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Two massive US datacenter real estate investment trusts taken over in $10bn, $15bn deals
Coincidentally, the same day President Biden signed the infrastructure bill. I know, REIT?
Two massive US real estate investment trusts (REITs) that both focus on datacenter buildouts, management and financing will both be taken over in $10bn+ acquisitions.
In the first deal, private equity investor KKR and investment outfit Global Infrastructure Partners agreed to acquire CyrusOne in a take-private transaction that values the business at $15bn.
It is quite startling that in quick succession ownership of four of the top six US data center operators will have changed
CyrusOne looks after mostly US-based DCs but has significant European holdings. It designs, builds and operates over 50 high performance data centres all over the world. The business has properties across the US (where it has just over 102 acres of colocation space and draws 83 percent of its revenues) and Europe (17 percent of revenues – with 99 percent of its colo space under lease).
The private equity types at KKR, incidentally, owned a 10 percent stake in OVH Cloud and had intended to shed some of that stock at the time of the Euro data centre designer and builder's October IPO.
In the second deal, American Tower bought CoreSite for $10.1bn. American Tower is itself a publicly listed REIT, although it is known for its focus on cell tower infrastructure. CoreSite says it operates 25 data centres across the US.
In the background is the $1 trillion Bipartisan Infrastructure Investment and Jobs Act, which was signed into being by US president Joe Biden yesterday – the same day both deals were announced. More than $130bn of this $1tn federal spending firehose will be directed at "improving digital and energy infrastructure." It's meaningful for data centres because a utilities upgrade potentially means lower cost of power and the investment in broadband infrastructure deployment means better, more robust connections.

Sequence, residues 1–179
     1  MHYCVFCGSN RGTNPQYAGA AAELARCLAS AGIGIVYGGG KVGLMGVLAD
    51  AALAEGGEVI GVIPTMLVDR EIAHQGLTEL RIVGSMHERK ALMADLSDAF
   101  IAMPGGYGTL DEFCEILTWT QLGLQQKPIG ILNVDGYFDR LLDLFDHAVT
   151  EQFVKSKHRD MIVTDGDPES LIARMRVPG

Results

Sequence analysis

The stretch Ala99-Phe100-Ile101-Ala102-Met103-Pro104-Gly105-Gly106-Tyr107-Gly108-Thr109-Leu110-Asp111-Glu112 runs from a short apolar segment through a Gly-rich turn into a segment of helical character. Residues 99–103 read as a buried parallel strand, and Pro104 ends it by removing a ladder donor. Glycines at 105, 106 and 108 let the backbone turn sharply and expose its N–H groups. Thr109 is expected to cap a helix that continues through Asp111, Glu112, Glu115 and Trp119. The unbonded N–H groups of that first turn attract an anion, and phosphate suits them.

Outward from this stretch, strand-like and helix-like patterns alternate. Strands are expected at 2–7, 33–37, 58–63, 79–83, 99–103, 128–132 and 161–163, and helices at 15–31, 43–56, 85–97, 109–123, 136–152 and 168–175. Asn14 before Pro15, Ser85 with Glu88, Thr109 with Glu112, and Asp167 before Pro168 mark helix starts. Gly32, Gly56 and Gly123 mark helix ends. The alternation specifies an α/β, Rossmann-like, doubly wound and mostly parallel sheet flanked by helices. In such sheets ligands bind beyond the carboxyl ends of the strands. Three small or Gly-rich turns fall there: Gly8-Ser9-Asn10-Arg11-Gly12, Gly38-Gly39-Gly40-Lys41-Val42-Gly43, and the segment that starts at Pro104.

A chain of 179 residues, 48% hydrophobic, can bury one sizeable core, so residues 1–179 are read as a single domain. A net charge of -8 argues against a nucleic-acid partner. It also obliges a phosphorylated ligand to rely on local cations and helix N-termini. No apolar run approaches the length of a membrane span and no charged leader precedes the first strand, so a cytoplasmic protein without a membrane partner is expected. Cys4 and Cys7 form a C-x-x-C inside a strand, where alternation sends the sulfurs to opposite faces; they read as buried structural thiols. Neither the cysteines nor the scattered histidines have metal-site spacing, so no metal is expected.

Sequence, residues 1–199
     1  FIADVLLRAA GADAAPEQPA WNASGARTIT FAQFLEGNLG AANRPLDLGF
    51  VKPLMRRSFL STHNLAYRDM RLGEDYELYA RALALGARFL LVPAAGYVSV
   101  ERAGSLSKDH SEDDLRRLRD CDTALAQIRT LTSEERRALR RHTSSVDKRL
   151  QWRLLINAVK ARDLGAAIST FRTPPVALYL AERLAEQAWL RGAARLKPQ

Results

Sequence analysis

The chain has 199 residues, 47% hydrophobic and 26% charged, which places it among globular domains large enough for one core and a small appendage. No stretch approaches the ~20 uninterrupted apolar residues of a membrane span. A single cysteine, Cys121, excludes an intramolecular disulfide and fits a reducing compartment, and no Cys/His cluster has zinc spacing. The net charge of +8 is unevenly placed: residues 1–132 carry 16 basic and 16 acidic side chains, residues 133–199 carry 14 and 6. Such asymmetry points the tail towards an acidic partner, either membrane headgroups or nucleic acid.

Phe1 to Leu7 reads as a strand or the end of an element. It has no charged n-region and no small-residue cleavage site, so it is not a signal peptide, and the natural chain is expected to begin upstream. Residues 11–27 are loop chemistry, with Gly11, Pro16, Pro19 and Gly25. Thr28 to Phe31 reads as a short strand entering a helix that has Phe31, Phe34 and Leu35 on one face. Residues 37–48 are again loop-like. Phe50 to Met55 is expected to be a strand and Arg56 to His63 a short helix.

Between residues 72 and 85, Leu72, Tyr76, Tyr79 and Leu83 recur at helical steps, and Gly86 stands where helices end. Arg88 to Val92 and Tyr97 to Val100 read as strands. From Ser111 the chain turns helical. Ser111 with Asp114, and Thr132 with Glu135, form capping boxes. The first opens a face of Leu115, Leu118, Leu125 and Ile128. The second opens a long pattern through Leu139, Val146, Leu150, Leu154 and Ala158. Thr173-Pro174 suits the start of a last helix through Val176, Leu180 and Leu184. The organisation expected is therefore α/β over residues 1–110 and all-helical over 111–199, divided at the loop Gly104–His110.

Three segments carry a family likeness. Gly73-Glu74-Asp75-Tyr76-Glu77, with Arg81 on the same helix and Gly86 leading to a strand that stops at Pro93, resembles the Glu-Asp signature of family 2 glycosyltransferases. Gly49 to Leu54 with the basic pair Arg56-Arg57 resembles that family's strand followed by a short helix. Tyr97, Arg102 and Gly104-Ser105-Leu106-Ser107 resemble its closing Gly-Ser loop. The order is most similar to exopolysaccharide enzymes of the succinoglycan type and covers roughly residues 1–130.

Analysts have already seen investors buying shares of companies expected to benefit from infrastructure spending. The S&P US Real Estate REIT Index, which took a pandemic-linked dive in 2020, is up around 32 percent from this time last year, and 99 percent up from its March 2020 low.
CoreSite's chief executive officer, Paul Szurek, burbled: "We are excited to partner with American Tower to expand its communications infrastructure ecosystem and accelerate its edge computing strategy through the addition of CoreSite's differentiated portfolio of U.S. metro data center campuses. The combined company will be ideally positioned to address the growing need for convergence between mobile network providers, cloud service providers, and other digital platforms as 5G deployments emerge and evolve."
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Analyst Megabuyte opined that the buyers of the DC businesses had been "lured by highly favourable trends as IT moves off premise and into the cloud/datacenter." It remarked that American Tower was "certainly paying up for CoreSite at 29.3x 2021 EBITDA." The analyst added that as a trade buyer, American Tower "should be able to extract some synergies/strategic benefit" (it's all about edge computing in a 5G world). Megabuyte also commented on the fact that, of late, Equinix and DRT – like CyrusOne – had accepted "private equity money, for example Equinix's hyperscaler-focused JVs with Singaporean wealth fund GIC and DRT's recent Indian JV with Brookfield." It said LSE-listed investment trust Digital 9 Infrastructure, which recently acquired datacenter solutions outfit Verne Global, had also raised £200m for "other DC investments."
CyrusOne and CoreSite's fellow colo giant, QTS, was acquired for $10bn in August this year and Cyxtera merged with Starboard just a month before in a $493m cash deal.
Analysts from Synergy Research Group said it was "quite startling that in quick succession ownership of four of the top six US datacenter operators will have changed." It said that "cloud growth and aggressive expansion of hyperscale operators" had created "such strong demand for datacenter capacity that the leading datacenter operators are having to seek outside help in funding growth."
It added: "Quite clearly there is no shortage of interested private equity investors that want a piece of the action. As we continue to track datacenter M&A activity, there has been a huge shift in buyers away from datacenter operators and toward private equity investors over the last 18 months."
The time to repurpose those old offices is now. ®